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kwikius
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      11-23-2006

Gernot Frisch wrote:
> > Visual Basic 6.0 is the undisputed GOD of programming languages.

> ...
> > The Grand Master

>
> Enough said.


Yeah but what's he a "Grand Master" of? He certainly seems to be a
Troll, but I don't think he is much of a master at trolling as his
posts to now aint't been sophisticated enough IMO, That also means he
can't be a Grand Master of everything. Now maybe he is a Grand Master
BASIC programmer, but in that case why isnt he on some Basic newsgroup
expounding his pearls of wisdom to his apprentices? He certainly don't
seem to have much detail on programming as such, but then I suppose
once you reach such a high level, everything is nothing and nothing is
everything and all that mumbo jumbo. Maybe when you reach the lonely
mountain peaks of programming you turn to Visual Basic as some sort of
"retro programming chic"challenge?.

I guess thats the power of being a Grand master. You can speak what
seems to me be absolute crap, but which is in fact incredibly profound,
except no one understands it, unless they too are a Grand Master. Thats
a lonely position to be in, but this could explain why he's here.
Perhaps its only that on comp.lang.c++ where enough Grand Master
programmers exist, where that programming depth, knowledge and
experience exist, that there is some hope that here someone might
understand? I guess maybe the loneliness of greatness in the world of
VB has become too much to bear?

regards
Andy Little

 
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rossum
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      11-23-2006
On Wed, 22 Nov 2006 14:34:00 -0600, grappletech
<(E-Mail Removed)> wrote:

>I took Pascal and BASIC in a couple of beginner programming courses about a
>decade ago and did well with them. I am good with pseudocode, algorithms,
>and the mathematics of programming. I decided I should perhaps learn a
>more powerful language to program my own apps. I got a "Beginning C" book,
>but the C programs won't compile in the free compilers I have downloaded.
>The syntax is different. I guess I have to buy a programming package, but
>money's tight. Any recommendations?
>
>----== Posted via Newsfeeds.Com - Unlimited-Unrestricted-Secure Usenet News==----
>http://www.newsfeeds.com The #1 Newsgroup Service in the World! 120,000+ Newsgroups
>----= East and West-Coast Server Farms - Total Privacy via Encryption =----

What do you want to do and what are you doing it on?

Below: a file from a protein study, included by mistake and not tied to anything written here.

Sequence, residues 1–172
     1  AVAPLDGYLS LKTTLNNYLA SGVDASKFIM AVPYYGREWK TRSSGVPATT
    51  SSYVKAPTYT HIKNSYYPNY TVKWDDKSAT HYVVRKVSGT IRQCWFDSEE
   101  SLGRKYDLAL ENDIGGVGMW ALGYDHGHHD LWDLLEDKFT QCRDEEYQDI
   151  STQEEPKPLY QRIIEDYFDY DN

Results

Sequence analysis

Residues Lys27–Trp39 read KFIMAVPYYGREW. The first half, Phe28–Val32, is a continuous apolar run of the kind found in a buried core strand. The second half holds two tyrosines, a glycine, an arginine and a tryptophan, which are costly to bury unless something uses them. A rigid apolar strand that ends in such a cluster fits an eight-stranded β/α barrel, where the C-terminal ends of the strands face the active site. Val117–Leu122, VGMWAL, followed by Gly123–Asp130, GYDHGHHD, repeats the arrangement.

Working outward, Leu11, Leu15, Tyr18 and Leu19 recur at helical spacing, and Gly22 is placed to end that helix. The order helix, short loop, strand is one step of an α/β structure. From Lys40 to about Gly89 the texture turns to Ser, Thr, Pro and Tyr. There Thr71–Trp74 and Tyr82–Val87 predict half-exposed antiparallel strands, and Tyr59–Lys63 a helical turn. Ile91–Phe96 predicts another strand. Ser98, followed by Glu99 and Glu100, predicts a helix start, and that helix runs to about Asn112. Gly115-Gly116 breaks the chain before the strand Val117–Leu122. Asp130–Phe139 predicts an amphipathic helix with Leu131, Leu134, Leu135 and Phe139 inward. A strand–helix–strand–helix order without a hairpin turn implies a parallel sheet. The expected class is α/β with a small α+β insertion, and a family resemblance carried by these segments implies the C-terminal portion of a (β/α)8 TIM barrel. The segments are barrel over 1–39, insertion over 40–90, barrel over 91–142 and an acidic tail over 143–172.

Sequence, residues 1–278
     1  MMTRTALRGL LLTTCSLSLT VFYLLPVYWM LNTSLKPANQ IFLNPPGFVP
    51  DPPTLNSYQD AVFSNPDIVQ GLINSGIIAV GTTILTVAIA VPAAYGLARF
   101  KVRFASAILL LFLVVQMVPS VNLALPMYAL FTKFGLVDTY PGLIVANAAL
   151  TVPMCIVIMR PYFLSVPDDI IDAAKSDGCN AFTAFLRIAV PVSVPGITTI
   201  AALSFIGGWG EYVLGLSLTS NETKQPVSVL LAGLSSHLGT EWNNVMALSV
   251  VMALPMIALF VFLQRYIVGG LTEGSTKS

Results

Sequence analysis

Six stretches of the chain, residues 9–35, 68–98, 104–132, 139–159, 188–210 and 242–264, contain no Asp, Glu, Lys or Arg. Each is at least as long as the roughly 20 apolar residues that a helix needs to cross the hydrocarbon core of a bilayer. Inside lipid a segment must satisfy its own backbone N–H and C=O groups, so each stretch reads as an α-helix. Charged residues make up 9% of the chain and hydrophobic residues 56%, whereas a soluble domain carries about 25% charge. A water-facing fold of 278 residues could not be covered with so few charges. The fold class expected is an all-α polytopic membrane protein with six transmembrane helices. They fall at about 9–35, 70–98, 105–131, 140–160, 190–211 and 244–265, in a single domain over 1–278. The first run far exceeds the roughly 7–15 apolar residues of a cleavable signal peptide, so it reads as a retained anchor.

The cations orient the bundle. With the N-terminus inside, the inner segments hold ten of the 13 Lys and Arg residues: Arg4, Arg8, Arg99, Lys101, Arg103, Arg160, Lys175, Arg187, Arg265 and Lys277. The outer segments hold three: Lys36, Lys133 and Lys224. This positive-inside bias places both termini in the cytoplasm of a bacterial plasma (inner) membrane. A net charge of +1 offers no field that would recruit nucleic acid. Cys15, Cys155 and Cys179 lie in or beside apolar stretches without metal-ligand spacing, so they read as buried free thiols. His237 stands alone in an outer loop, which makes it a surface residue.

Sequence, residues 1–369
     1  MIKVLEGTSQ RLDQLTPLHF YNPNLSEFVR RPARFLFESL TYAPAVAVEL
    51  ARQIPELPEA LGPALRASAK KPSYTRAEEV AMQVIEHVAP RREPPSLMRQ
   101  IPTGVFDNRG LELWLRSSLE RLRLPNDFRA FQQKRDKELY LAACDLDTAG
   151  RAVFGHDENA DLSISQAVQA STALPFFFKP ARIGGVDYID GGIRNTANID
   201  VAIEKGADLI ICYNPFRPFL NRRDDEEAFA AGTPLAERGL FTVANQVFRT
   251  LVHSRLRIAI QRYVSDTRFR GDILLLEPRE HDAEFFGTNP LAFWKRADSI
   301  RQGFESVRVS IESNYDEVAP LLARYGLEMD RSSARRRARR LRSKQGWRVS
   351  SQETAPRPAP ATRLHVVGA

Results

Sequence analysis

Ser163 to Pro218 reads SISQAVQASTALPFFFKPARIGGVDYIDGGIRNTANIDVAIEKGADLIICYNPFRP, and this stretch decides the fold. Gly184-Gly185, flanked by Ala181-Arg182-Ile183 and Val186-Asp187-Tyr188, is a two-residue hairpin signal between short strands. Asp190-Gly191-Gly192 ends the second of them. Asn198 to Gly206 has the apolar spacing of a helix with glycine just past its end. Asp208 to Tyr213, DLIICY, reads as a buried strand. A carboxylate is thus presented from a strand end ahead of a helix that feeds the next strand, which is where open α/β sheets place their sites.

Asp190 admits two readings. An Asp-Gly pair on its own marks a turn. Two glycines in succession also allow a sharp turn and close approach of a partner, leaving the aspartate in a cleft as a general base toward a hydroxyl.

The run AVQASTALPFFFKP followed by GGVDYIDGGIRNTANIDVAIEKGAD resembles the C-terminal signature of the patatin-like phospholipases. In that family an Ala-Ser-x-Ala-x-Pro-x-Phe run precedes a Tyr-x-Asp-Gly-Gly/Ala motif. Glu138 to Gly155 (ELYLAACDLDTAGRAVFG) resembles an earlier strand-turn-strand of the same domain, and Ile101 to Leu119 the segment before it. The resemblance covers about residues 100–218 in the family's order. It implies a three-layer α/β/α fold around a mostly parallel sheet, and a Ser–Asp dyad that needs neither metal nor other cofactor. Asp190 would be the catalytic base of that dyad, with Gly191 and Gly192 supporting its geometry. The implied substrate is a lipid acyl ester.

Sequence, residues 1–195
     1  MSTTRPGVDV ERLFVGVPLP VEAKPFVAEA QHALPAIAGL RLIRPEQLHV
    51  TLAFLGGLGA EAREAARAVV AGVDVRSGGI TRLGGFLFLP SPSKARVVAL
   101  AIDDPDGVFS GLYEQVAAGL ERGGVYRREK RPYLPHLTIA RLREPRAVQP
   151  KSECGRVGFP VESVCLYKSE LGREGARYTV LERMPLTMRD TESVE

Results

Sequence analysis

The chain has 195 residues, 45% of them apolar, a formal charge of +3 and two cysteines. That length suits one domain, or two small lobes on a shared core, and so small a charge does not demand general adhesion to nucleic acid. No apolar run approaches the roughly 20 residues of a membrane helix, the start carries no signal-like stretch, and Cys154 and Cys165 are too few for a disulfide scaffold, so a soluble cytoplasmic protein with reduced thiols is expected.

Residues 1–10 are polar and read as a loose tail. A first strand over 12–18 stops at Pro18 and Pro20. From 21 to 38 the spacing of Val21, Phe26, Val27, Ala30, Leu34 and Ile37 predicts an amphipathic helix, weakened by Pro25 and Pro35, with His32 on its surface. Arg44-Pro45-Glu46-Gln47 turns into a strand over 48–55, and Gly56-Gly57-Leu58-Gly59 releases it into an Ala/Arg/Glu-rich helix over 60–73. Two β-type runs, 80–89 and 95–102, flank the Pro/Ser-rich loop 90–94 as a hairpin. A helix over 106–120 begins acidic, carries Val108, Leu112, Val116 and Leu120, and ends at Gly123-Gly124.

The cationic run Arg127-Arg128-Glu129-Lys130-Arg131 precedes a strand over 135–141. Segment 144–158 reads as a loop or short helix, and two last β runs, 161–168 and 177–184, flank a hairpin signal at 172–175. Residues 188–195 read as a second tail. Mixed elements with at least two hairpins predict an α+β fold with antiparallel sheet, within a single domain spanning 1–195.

If you want to write programs with a Windows/GUI interface then I
would suggest a language that comes with a standard GUI API built in -
VB, Java, C# or similar. If you just want to write console programs
(green on black text only) then languages without a standard GUI API
will also be possible - C, C++. GUI APIs are available for both, but
they are not standard.

If you are on Linux then Java is probably a good choice; C# and VB are
only really options if you are working on Windows. C and C++ are
available for both platforms. I do not know what is available for the
Mac, probably C, C++ and Java.

C is a lower level language than Pascal or BASIC. C++ has the kitchen
sink and everything thrown in, it can be low level, high level or
anything in between. It has a steep learing curve because it is so
large. Having also started with BASIC and Pascal (and Algol 60!) I
would think that Java (Linux or Windows) or C# (Windows) would be the
best to start with. VB would probably be a step backwards from Java
or C#, and since you already know some BASIC it would be good to learn
a different language.

Once you have picked up one language it is easy to pick up others.

rossum

 
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Francis Glassborow
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      11-23-2006
In article <(E-Mail Removed)>, grappletech
<(E-Mail Removed)> writes
>I took Pascal and BASIC in a couple of beginner programming courses about a
>decade ago and did well with them. I am good with pseudocode, algorithms,
>and the mathematics of programming. I decided I should perhaps learn a
>more powerful language to program my own apps. I got a "Beginning C" book,
>but the C programs won't compile in the free compilers I have downloaded.
>The syntax is different.


Then you have either a badly broken book (very likely as the majority
are) or a broken compiler (much less likely). Quincy + GCC or MinGW with
MinGWStudio both work fine as C compilers as do several others.

> I guess I have to buy a programming package, but
>money's tight. Any recommendations?


Absolutely unnecessary but tell us which book you are using and give us
an example of code from the book that fails to compile.


--
Francis Glassborow ACCU
Author of 'You Can Do It!' and "You Can Program in C++"
see http://www.spellen.org/youcandoit
For project ideas and contributions: http://www.spellen.org/youcandoit/projects